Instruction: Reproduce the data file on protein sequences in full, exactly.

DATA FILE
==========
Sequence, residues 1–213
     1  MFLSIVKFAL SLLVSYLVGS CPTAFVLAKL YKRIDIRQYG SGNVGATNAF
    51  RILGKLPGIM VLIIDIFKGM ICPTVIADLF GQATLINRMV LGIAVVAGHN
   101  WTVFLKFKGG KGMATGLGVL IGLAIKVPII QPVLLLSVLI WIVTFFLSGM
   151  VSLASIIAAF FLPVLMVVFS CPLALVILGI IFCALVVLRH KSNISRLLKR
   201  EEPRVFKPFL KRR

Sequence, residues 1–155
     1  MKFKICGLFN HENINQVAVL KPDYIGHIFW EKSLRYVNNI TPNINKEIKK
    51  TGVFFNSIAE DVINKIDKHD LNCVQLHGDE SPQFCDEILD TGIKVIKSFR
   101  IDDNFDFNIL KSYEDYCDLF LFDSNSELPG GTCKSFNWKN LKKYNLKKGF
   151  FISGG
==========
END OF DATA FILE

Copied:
Sequence, residues 1–213
     1  MFLSIVKFAL SLLVSYLVGS CPTAFVLAKL YKRIDIRQYG SGNVGATNAF
    51  RILGKLPGIM VLIIDIFKGM ICPTVIADLF GQATLINRMV LGIAVVAGHN
   101  WTVFLKFKGG KGMATGLGVL IGLAIKVPII QPVLLLSVLI WIVTFFLSGM
   151  VSLASIIAAF FLPVLMVVFS CPLALVILGI IFCALVVLRH KSNISRLLKR
   201  EEPRVFKPFL KRR

Sequence, residues 1–155
     1  MKFKICGLFN HENINQVAVL KPDYIGHIFW EKSLRYVNNI TPNINKEIKK
    51  TGVFFNSIAE DVINKIDKHD LNCVQLHGDE SPQFCDEILD TGIKVIKSFR
   101  IDDNFDFNIL KSYEDYCDLF LFDSNSELPG GTCKSFNWKN LKKYNLKKGF
   151  FISGG